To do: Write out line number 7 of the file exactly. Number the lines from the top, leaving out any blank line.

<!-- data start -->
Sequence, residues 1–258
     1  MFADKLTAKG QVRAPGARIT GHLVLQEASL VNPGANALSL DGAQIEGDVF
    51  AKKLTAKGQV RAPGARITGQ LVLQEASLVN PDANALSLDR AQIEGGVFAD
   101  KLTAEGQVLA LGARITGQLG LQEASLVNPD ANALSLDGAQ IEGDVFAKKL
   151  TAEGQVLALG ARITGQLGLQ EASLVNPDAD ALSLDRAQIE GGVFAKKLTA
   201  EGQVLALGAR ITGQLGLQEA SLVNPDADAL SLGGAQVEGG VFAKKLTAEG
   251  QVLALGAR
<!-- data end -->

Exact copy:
   251  QVLALGAR